The interaction between user and individual devices has been analyzed to assess the impact of functionality (Winter 1999), assess workflow during multidisciplinary rounds (Morrison 2008) and in the context of integrating systems (Friedman 2007). Device deployment is rarely examined from a utilization point of view. A review of audit data, as shown above, allows the evaluation and possible redeployment of devices to meet the needs of both the specific clinicians and the geography and culture of individual units. Audits can also help to evaluate actual use rates of new device types (such as wall mounts or different mobile cart configurations) during any "trial" period. They will also help to identify and address possible technical issues with devices. All too often clinical users are reluctant to report issues and simply move on to the next working device. Finding and addressing the location of devices that are not well-used allows the institution to achieve maximum use of the existing devices.
From individual user and program area perspectives, we have been able to highlight the need for targeted, unit-specific training and coaching both before and during the next activation. The activation support plan will be re-evaluated and the distribution of super-users may be modified to support programs that have not yet achieved significant clinical adoption. There is always a requirement for sufficient end-user devices to be deployed in appropriate locations; however, the audit showed that some units experienced difficulties beyond simply access to devices.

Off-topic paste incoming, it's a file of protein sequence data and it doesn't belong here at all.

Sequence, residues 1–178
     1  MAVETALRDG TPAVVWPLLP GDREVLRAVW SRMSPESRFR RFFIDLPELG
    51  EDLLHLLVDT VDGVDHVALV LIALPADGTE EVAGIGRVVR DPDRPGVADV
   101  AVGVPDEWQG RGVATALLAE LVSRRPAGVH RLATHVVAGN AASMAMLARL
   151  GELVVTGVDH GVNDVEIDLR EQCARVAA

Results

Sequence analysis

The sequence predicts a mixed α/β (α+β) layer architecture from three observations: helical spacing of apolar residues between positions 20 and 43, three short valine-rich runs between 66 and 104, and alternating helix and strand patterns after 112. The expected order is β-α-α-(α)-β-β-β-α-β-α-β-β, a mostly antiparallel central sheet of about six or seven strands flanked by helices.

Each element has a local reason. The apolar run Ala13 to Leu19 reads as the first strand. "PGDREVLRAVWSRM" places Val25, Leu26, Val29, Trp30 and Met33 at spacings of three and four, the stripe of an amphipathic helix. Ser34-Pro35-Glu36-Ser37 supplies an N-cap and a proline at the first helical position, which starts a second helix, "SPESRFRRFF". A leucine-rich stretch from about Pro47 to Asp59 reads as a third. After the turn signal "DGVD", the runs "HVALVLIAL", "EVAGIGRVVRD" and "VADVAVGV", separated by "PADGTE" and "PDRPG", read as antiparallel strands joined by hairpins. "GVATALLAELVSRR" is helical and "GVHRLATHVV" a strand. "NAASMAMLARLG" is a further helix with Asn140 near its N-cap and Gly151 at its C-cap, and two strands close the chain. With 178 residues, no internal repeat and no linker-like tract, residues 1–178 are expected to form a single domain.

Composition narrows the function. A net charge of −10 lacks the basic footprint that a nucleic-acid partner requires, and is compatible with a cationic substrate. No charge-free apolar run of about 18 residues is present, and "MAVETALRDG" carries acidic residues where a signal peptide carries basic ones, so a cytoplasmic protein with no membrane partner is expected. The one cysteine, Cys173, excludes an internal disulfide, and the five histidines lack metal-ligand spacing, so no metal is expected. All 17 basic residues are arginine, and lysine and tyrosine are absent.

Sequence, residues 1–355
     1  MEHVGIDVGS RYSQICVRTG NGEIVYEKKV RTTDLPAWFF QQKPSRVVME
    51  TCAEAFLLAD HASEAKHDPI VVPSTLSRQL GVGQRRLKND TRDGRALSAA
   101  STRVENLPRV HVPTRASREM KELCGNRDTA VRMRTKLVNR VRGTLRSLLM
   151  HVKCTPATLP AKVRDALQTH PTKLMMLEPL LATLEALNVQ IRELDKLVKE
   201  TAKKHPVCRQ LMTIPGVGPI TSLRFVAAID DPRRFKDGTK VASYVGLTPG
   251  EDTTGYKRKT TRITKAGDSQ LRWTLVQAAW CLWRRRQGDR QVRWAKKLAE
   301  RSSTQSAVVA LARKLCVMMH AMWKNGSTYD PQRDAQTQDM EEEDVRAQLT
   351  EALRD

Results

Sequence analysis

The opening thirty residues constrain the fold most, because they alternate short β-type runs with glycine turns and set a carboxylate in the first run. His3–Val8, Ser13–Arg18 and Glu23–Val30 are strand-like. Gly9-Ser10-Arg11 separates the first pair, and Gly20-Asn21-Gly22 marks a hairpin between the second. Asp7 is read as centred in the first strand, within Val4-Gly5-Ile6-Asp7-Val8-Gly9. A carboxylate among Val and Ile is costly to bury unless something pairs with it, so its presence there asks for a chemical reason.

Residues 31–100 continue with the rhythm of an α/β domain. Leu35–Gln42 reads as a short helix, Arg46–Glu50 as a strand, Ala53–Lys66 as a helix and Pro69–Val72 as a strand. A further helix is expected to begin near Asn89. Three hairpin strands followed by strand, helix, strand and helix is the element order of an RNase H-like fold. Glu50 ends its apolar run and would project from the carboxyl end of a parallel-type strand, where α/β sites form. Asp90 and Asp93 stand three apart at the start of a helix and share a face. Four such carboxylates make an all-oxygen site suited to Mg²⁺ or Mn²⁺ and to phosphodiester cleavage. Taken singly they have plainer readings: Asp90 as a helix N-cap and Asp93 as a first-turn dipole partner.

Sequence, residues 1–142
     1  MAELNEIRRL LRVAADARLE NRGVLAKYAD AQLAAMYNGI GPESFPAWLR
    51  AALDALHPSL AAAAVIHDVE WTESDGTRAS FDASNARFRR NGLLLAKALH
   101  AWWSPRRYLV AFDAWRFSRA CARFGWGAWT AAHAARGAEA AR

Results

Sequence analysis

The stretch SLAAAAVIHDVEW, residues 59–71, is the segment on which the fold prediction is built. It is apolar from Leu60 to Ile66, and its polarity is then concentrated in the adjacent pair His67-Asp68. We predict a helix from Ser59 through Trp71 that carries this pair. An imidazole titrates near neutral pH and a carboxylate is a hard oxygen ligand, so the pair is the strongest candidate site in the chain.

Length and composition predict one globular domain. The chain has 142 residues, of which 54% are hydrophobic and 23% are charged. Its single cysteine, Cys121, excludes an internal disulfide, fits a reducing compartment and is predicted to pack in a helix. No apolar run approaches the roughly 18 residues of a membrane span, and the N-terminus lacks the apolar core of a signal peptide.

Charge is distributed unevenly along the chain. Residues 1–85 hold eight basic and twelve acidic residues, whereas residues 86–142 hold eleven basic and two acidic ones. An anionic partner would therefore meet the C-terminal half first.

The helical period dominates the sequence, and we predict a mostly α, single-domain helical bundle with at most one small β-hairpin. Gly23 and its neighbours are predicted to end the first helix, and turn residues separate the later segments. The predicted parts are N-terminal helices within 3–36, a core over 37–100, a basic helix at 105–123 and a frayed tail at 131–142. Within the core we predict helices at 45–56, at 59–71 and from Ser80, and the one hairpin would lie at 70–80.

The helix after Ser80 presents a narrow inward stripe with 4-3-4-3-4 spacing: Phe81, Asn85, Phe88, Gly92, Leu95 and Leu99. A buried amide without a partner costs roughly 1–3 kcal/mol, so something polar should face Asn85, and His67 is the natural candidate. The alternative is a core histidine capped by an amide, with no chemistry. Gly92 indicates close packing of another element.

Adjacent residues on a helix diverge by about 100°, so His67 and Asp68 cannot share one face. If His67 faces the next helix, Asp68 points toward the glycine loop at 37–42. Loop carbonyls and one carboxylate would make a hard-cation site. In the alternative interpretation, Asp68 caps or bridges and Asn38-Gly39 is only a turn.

With the requirement for CPOE, there will be a need for all physicians to access the system. To promote this, we intend to remove the printed (abnormal) laboratory results from each of the units following the placement of all of the end-user devices in phase two. There will be an assessment of impact prior to this to pre-empt patient safety issues. Training and/or re-training will be offered to all users.
From the high-user personnel identified through the audits, we have identified and approached several individuals who will be given extra training to become super-users.